One of the most difficult things about SEO is link building. This is the one piece of content you can’t create by yourself. And yet, links are one of the most important things in SEO. After all, links to nearby businesses and authorities show that you are real and someone who can be trusted. But links are hard to come by. You could email 100 local businesses and just get 2 or 3 links back. So, how can you get those precious local links more easily? Let’s take a look at good local link-building opportunities.
What is a local link?
First of all, let’s clarify what local links are. Like standard links, local links are simply links to other relevant websites. These websites may be similar to yours or may lend your site more authority. A local link, however, is specifically, as the name suggests, a link to a relevant business or resource in your local area.
Do I need lots of local links?
With traditional link building, the more, the better, as long as they are of good quality. But with local link building, you actually don’t need that many links to rank well for local search. Type a local query into your favourite keyword tool – “boutiques manly”, for example. You’ll notice that most of the businesses that end up on the first page have far less than 150 referring domains!
So, how do I build local links?
Now that you know how important local link building is, let’s take a look at some ways you can build them.
Look at other local ranking sites
One of the best ways to get good local links is to search for some of your relevant terms and get yourself on the resulting sites. Your competitors probably won’t want to link to you. But under the map, you should get search results for directory-like or aggregator sites that list all such companies in your local area.
If you haven’t already, signing up to these sites and getting your business listed on them is a great way for people to learn about you. It may be a slog to sign up for everyone, but being on some of these sites might even mean you end up in the local phonebook.
Salvage those lost links
The internet changes over time. Even if your business isn’t that old, we guarantee you definitely have at least one link that points to a page that no longer exists. But rather than getting rid of these links, there is a quick way to find them and replace them with the new versions. Simply use Ahrefs’ Site Explorer tool to sort your links and add the HTTP response filter, “404 not found”.
Steal your competitors’ local links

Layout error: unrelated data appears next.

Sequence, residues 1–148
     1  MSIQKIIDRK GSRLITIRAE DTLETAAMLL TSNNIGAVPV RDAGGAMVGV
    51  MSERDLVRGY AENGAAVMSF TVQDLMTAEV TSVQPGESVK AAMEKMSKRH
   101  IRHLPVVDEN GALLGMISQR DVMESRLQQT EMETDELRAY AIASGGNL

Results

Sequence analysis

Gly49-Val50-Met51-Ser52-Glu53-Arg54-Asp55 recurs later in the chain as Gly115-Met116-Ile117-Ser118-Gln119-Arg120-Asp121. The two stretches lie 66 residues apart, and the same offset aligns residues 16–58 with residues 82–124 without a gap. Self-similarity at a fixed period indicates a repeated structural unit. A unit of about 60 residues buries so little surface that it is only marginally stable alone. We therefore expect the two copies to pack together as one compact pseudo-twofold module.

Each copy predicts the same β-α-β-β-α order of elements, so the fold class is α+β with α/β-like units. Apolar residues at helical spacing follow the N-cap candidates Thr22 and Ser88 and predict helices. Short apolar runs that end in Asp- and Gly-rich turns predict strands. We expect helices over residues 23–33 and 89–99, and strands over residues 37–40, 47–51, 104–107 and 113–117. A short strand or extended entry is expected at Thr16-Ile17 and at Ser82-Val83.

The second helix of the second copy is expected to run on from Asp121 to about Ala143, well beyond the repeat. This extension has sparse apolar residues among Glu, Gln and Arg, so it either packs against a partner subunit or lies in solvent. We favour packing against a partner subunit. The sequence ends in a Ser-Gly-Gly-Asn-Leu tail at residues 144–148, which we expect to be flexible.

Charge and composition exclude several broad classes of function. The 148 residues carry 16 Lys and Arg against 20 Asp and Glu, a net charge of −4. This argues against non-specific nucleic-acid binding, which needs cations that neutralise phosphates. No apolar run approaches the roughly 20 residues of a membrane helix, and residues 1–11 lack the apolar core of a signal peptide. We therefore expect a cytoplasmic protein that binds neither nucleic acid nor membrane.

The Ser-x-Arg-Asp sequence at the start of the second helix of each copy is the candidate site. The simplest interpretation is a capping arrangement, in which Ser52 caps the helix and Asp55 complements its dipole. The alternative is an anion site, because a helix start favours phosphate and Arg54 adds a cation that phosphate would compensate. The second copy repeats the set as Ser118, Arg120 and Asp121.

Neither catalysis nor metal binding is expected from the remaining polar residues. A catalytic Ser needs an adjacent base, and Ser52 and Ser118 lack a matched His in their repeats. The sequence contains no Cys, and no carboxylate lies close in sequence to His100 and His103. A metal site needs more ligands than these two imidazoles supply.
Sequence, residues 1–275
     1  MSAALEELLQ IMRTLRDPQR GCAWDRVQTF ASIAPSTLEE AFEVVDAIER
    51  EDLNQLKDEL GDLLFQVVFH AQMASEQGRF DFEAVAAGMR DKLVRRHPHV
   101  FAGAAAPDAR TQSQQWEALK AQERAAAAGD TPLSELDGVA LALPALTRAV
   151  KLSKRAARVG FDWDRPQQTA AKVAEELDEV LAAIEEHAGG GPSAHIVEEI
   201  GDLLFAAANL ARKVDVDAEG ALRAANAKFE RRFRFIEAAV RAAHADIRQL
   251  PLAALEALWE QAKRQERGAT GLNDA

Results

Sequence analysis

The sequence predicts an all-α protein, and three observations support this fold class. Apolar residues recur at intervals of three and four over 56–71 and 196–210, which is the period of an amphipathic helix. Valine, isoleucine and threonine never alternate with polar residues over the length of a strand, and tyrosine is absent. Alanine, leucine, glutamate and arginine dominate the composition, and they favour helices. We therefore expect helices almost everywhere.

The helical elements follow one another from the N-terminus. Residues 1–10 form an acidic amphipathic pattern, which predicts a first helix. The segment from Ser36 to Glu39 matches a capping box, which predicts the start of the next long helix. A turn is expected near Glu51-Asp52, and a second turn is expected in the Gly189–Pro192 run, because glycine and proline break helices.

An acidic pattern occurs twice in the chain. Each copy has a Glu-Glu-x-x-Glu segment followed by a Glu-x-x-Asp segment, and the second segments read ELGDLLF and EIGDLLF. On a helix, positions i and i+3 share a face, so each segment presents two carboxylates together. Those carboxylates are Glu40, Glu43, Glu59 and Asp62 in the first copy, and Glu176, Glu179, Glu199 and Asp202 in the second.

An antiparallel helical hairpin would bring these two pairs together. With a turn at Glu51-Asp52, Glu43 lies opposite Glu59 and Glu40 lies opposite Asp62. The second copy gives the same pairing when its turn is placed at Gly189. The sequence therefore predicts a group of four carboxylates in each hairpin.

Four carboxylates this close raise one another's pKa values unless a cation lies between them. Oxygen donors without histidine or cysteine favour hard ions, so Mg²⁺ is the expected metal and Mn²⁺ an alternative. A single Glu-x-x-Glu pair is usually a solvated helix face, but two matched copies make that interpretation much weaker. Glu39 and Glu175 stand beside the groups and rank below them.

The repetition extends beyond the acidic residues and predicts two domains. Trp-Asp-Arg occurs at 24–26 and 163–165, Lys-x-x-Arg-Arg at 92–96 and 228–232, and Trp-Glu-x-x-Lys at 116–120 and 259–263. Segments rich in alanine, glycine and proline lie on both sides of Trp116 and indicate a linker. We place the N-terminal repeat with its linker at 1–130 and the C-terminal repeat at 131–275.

If you take a look at the site belonging to a business similar to yours, chances are you’ll notice link opportunities that would be appropriate for your own site. Many SEO tools have functionality allowing you to check for such link opportunities. Just type in your and your competitor’s sites’ names, and you’ll quickly see which highly relevant links you can capitalise on.
The resulting links should be pretty relevant to your sector, but you may also come across directory-like links. These links are called local citations. Local citations feature business data like your name, phone number, and address.
Produce relevant content for your area
Local content creation may not attract a lot of links, but it can definitely help you establish a presence in your local area. Local content creation is when you search for topics relevant to your local audience before planning, producing, and publishing those relevant blog posts or videos.
If you run a boutique, you might produce content about events in your local area, whether a fair, concert, festival or religious event. With your local area knowledge, you could write an article like “What should I wear this winter in Manly?” or “Quintessential jazz festival wear”. Again, you may not get many links this way, but your town or city will love relevant local content.
Acquire local citations
We looked at a few of these opportunities earlier. Besides the sites that rank in your market, industry, or area, bigger ones like Google My Business, Facebook, Bing, or Apple Maps can also make lucrative options. Then there are the old favourites like Yellowpages, Yelp, TomTom, Dunn & Bradstreet, and similar local sites. Getting local citations from these big players can really put your business on the map.
Claim your unlinked mentions
Ever come across a news site or Facebook page mentioning your brand or business, perhaps telling prospective customers where they can find you and what you do, but not linking back to your site? While a loyal customer may have mentioned your website in the comments if you’re lucky, there are also SEO tools like Screaming Frog out there to help you track down any unlinked mentions. Searching for your business or brand in Google News may also help you discover unlinked mentions. Or just keep an eye on those local news sites, and email them to ask them to update their article if unlinked mentions occur.
Look for other local link opportunities
When you think about it, there are loads of prospective local link opportunities you could come up with. Universities or colleges could link to your business in job postings or recommendations, while city-specific directories and sites are other great options. Then there are local news websites, online magazines, and podcasts, perfect for a deep dive into your business before getting those links in. Having said this, don’t overlook local community groups on Facebook, Reddit, or even Nextdoor’s growing fanbase.
If none of these opportunities cut it for you, why not think about your existing relationships? Your suppliers probably have a great site, while business groups and happy customers would be all too happy to provide you with a glowing, link-rich testimonial.